Thursday, March 22, 2007
Finger-Pointing Over at Treasure of Baghad
Update I & II
We didn't make any investments, though I would say that the hotel and tourism and oil sectors are wide open for enterprise, but we did visit the ancient citadel in Erbil, where Alexander the Great defeated the Persians—my son is a Greek-speaking classicist—and we did sample the lovely mountains and lakes and rivers that used to make this region the resort area for all Iraqis. Air and road travel were easy (you can now fly direct from several airports in Europe to one of two efficient airports in Iraqi Kurdistan), and walking anywhere at night in any Kurdish town is safer than it is in many American cities. The police and soldiers are all friendly locals, there isn't a coalition soldier to be seen, and there hasn't been a suicide attack since May of 2005...there is a memorial of gratitude being built for fallen American soldiers. "We are planning," said the region's prime minister, Nechirvan Barzani, in his smart new office in the Kurdish capital of Erbil, "to invite their relatives to the unveiling." Speaking of unveiling, you see women with headscarfs on the streets and in offices (and on the judicial bench and in Parliament, which reserves a quarter of the seats for women by law), but you never see a face or body enveloped in a burka. The majority of Kurds are Sunni, and the minority are Shiite, with large groups belonging to other sects and confessions, but there is no intercommunal mayhem. Liquor stores and bars are easy to find, sometimes operated by members of the large and unmolested Christian community. On the university campuses, you may easily meet Arab Iraqis who have gladly fled Baghdad and Basra for this safe haven. I know of more than one intrepid Western reporter who has done the same.24StepsToLiberty says:
On the Kurdistan issue, you have to remember that Kurdistan didn’t start in 2003. It started in 1991. That’s a fact. Masoud Barzani allied with Saddam until he late 1990s to disrupt Jalal Talbani’s territories. They didn’t start in 2003. They were working on their problems for 15 years until they just recently started building their region. Please don’t compare Kurdistan to the rest of Iraq. Please don’t! And if you have to do so, just wait 15 more years!I agree with this, and as I said to commenter Annie in the exchange recorded below, the primary purpose of the foreign troops in Iraq is to give the country Time to make a soft(er) landing into a stable, free Iraq. I only hope it doesn't take 15 years to get the rest of Iraq solidly on the road to looking like Kurdistan, since I don't think the American public will afford them that much time.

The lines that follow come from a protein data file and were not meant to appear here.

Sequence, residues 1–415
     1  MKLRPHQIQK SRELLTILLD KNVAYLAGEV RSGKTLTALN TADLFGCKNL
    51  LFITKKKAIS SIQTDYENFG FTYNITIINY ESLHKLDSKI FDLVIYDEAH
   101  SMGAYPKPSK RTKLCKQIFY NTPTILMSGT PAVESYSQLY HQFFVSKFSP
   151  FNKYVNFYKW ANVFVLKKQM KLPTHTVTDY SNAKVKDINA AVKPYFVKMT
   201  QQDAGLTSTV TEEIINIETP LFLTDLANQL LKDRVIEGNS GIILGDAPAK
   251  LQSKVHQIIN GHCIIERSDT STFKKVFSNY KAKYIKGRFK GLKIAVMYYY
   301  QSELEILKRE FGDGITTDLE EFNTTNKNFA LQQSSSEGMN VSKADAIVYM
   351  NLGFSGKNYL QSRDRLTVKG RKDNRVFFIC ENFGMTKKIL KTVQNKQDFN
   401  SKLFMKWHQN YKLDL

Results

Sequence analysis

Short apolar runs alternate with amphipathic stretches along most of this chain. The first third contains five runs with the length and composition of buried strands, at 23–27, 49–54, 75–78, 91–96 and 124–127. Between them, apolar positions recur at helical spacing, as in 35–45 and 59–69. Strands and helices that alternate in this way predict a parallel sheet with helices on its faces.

BaghdadTreasure has apparently decided to tolerate my presence in his comment sections again, and I think something I posted there bears repeating here. It is about the tendency of some Iraqi bloggers (BaghdadTreasure, 24StepsToLiberty, Zeyad, etc) to blame the instability of Iraqi on the decisions and actions of US troops or US civil authorities in the year after Saddam was toppled. I dealt with some of these questions last year here.
When no US troops are around, Sunni Arabs will pause to blame Sadr or Maliki, SCIRI, or the Badr Brigade. Shi'a Arabs blame Sunni insurgents, jihadists, and political parties. It's always someone else. It's never the guy who buys CD-ROMs of Coalition soldiers being murdered or relatives and people in their neighborhood who don't report insurgent or militia activity.
But here is a sampling of my conversation at Treasure of Baghdad.
BT: We are blaming the US for its mistakes AFTER the invasion. Starting from disbanding the ALL the former Iraqi army members leaving them to be bites for al-Qaeda who tempted them with thousands of dollars to start the chaos.......and with 24StepsToLiberty:
CMAR II: Oh, poo! Those in the army who did not disband themselves were those who served in Saddam's army because they were true believers. They weren't tempted away by al-Qaeda's dollars. They were tempted away all too easily by former regime elements who never for a moment stopped fighting since April 9th, 2003...I don't know exactly what the solution for Iraq is...but I'm glad no one followed your advice in 2003 to give heavy armaments to Saddam's most ardent loyalists...the same army that slaughtered 10s of 1000s of Iraqis in 1991.